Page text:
American Skiing Co. explores selling more resorts
Selling its remaining East Coast resorts, the two largest in Maine, would complete the transformation of Park City-based American Skiing Company from the largest operator of alpine resorts in the U.S. to the owner of just The Canyons.
"Here in Maine this has been probably the worst kept secret for the past two or three weeks," said Brad McCurtain, president of Maine Securities Corporation. "Their behavior in selling the five resorts over the past month or so really give us an indication that they aren’t necessarily trying to maximize value for shareholders."
After American Skiing Co. said this week it is looking into selling its Sunday River and Surgarloaf/USA resorts McCurtain speculated that negotiations between the company and its founder and former chairman Leslie Otten broke down.
"One of them walked away from the table," McCurtain said. "They’re just trying to put a little pressure on Otten."
Sunday River was the first of Otten’s accomplishments and formed the basis for American Skiing Company. Otten has since resigned from the board.
Since its inception the publicly traded firm has lost almost $750 million, McCurtain claims. Otten has not returned telephone calls to The Park Record.
"These guys have done nothing but lose money for shareholders since the stock has been in speculative range," McCurtain said. "Their stock price has gone from $18 to pennies."
Meanwhile, American Skiing Co. indicated no strong desire to sell The Canyons. The stock that trades under the symbol AESK was selling Friday for around 75 cents per share on the Over the Counter Bulletin Board.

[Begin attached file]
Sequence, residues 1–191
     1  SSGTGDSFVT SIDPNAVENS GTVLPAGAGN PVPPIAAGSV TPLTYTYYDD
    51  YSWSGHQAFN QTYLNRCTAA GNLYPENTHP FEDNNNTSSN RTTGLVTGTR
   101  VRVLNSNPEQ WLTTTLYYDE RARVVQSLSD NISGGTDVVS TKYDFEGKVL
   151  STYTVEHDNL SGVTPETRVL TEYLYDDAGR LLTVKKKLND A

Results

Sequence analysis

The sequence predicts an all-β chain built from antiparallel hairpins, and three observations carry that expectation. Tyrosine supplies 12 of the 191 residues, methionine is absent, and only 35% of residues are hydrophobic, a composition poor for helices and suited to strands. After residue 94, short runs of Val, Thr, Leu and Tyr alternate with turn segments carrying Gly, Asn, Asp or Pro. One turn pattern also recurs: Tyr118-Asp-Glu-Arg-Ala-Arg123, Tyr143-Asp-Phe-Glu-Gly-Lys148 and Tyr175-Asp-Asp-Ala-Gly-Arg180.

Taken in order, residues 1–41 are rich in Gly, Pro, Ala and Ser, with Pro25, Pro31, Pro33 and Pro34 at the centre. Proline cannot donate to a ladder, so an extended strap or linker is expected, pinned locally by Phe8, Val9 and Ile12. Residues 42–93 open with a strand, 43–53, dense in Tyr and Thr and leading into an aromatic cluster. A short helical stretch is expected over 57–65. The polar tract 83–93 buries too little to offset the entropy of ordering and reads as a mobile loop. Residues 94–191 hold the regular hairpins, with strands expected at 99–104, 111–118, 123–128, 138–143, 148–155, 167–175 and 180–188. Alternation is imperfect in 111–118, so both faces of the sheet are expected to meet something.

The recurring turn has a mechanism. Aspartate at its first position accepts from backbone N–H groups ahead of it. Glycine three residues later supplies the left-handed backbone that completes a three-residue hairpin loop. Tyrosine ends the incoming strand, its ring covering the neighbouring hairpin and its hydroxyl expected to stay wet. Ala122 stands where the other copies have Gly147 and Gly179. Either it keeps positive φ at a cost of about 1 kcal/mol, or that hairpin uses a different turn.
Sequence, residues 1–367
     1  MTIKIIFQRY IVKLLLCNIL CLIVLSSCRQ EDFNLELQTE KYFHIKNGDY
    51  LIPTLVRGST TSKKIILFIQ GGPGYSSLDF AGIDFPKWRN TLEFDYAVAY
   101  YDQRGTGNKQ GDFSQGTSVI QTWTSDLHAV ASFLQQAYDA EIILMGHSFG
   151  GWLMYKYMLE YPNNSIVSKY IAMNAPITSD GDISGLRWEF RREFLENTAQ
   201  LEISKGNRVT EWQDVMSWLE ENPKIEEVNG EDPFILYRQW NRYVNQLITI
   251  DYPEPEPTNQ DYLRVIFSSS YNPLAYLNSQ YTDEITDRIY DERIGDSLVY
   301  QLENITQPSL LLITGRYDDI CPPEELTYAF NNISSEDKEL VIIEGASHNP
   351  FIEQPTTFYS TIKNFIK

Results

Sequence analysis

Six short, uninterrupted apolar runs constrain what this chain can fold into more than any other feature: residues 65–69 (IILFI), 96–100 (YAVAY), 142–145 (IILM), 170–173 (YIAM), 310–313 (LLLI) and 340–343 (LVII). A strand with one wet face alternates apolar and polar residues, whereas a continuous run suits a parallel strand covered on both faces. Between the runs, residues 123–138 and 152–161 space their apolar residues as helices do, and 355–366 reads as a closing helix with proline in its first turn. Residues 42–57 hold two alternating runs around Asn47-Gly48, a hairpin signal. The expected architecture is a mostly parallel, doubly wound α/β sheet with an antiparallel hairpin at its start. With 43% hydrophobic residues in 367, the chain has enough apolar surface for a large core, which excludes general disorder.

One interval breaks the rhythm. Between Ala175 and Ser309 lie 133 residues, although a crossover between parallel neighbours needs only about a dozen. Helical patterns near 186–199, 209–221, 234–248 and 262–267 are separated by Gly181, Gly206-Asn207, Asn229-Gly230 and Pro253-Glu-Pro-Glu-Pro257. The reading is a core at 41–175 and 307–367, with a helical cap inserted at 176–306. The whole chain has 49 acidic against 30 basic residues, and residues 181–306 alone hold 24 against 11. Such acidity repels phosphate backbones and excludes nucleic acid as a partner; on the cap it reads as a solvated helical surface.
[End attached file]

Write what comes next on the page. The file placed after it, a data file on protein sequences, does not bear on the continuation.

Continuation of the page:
The New York Stock Exchange de-listed American Skiing Company after the company turned public in 1997.
"As a result of our recently announced resort sales, we’ve received a tremendous amount of interest in our remaining resorts," ASC President and Chief Executive Officer B.J. Fair said.
The company recently completed its sale of Steamboat resort in Colorado and next month expects to complete sales of Vermont’s Killington, Pico Mountain and Mount Snow resorts and Attitash resort in New Hampshire.
"To ensure we maximize the value of these assets, we will commence a review of options for our Maine resort properties," Fair said this week in a prepared statement.
Referring to a lease battle the company is currently entwined in at The Canyons with landowner Kenny Griswold, Fair insisted American Skiing Co. is "continuing our efforts towards successful and favorable resolution of the litigation involving the resort."
For about seven years most equity in American Skiing Company has been controlled by a group based in Texas, known as Oak Hill Capital Partners, McCurtain explained.
"The Canyons is the surviving property and if Oak Hill remains in the game I think that’s the only one they have interest in," he said adding that Oak Hill concentrates on developing real estate. "The Canyons is a very young property in terms of its development."
With corporate offices in Old Town should American Skiing Co. sell its two resorts in Maine the business would likely downsize, said McCurtain, a financial analyst who since it went public has closely watched American Skiing Company.
"Probably their services aren’t going to be needed anymore with just one resort and whether or not they will even remain a publicly traded company is a question," he said. "You’ve had a layer of management structure in there that is not going to be needed."
Planning Department staff on Wednesday shared an idea for a new concept, dubbed the Community Planning Lab, with the Summit County Council. The initiative strives to engage people who want to better understand the processes that drive executive decisions.
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